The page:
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Only drastic action will do

THERE is no prize for guessing who has been dominating the news in the past weeks.
And it appears the National Manpower Development Secretariat (NMDS) might be grabbing the headlines for a longer period.
The department — which disburses the government’s educational bursaries  — has done so over the past years and all for the wrong reasons.
It’s quite alarming that such a critical department is at the centre of the crisis that has bedevilled Basotho students for donkey years.
The NMDS has, in short, failed to dispense with its deep-rooted incompetence.
We were shocked but not surprised to learn last week that hundreds of Basotho students on government bursaries studying in South Africa were facing eviction over the non-payment of rentals.
This came hard on the heels of a strike by students at National University of Lesotho (NUL) students over the NMDS’s inexplicable failure to pay out their allowances.
That time, a government minister blamed a “third force” of goading the students into demonstrating.
But this time round the NMDS circus has just turned absurd as the department tries in vain to plead its innocence in the latest fiasco.
The NMDS accuses a middleman, Bothatha Mahlala, of pocketing millions meant for rentals for the South Africa-based students.
Mahlala, in turn, denies the government’s claims and says the NMDS instead owes him around a million maloti.
Whichever version is true, the NMDS has proved once again to be very irresponsible and a big liability to suffering taxpayers.
How a government department can entrust millions of taxpayers’ money meant for rentals with a man it does not have any form of contract with simply boggles the mind.
Only rudderless and clueless organisations are capable of such weird feats.
For how long can we watch the NMDS mess up Basotho students and the country at large?
The mess at that department is just too depressing.
Student grants have been delayed and money has been reported missing.
Because the NMDS’s systems — if there is anything like that — are antiquated student files have gone missing.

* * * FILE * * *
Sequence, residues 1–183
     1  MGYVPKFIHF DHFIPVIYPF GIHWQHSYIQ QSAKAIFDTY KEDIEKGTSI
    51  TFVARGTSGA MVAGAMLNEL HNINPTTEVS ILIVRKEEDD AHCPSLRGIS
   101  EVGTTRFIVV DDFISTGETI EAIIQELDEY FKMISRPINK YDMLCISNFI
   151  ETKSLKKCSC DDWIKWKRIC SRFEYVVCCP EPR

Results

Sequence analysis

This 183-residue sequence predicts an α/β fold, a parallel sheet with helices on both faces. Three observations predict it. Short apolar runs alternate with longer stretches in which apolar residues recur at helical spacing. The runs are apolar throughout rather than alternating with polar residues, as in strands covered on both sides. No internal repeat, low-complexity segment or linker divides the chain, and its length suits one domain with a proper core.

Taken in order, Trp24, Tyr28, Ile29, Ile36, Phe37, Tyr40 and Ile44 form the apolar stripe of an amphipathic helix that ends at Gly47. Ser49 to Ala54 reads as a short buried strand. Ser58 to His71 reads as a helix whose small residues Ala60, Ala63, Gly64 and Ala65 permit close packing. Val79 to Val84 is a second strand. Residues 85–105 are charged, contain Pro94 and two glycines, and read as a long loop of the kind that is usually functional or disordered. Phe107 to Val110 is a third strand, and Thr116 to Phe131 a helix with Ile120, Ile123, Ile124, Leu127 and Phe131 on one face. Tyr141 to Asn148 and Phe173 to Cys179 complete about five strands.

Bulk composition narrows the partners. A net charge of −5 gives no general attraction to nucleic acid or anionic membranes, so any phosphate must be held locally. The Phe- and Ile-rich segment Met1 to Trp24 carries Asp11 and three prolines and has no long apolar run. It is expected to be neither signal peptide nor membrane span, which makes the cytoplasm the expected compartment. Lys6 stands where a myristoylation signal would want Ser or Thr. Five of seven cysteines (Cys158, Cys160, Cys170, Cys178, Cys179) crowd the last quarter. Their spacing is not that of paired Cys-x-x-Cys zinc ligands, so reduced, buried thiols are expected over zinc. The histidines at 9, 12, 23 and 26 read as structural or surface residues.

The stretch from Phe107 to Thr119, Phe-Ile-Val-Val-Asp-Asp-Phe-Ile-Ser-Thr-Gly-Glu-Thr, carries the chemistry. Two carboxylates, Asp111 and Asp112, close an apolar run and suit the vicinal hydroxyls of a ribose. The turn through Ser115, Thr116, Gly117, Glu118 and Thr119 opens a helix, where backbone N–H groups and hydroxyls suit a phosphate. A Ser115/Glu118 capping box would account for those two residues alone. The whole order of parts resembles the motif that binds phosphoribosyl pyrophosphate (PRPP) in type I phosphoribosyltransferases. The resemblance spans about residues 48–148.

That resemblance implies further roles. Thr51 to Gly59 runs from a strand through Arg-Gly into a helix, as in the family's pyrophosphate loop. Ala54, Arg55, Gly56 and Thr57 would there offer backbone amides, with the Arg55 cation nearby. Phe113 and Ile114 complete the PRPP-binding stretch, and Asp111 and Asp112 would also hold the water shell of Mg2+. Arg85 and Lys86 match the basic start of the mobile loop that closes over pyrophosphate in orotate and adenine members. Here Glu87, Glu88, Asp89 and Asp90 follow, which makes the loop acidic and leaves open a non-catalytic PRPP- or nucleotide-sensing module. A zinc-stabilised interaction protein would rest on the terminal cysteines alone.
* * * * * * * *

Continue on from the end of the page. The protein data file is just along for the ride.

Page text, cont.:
The department doles out millions in loans every year but does not have a functional system to recover taxpayers’ money.
We have not heard of anyone who has been arrested for getting a loan from the department and deliberately avoiding repayment.
The circus doesn’t end there.
A few weeks ago the NMDS’s perennial bungling had fatal consequences as a student was killed by the police during the strike at NUL.
More than a dozen were injured.
By now it should be crystal clear to the powers-that-be that the NMDS is beyond redemption.
In August we were told that the dismissal of the acting director of the NMDS, Karabo Mabote, heralded the beginning of a new era of transparency and efficiency.
The new director is barely four months in office, but the situation has only gone from bad to worse.
We believe the only solution now is to shut down the NMDS and start afresh.
The finance minister must with the left hand receive resignation letters while the right hand takes fresh applications at the same time.
The NMDS is too rotten to be redeemed.
We don’t need piecemeal reforms but a complete overhaul of that department.
That way the department’s rotten systems will die with it.
But that — as Mabote said in an interview with this paper — needs political will.
We believe it is political will that earned Lesotho praise for tackling corruption in the multi-billion-maloti Lesotho Highlands Water Project.
Multilateral institutions and donor countries were impressed with the way tiny Lesotho punched above its weight as it arrested, tried and imprisoned corrupt officials and bribe-paying corporations.
But that feat might be a hollow achievement if the government does much more to rid this kingdom of corruption.
We have no doubt that the NMDS is at the mercy of corrupt officials and employees, considering the department’s rotten systems.
The government must therefore take quick action to rid the NMDS — as well as other government departments — of the twin evils of corruption and incompetence.

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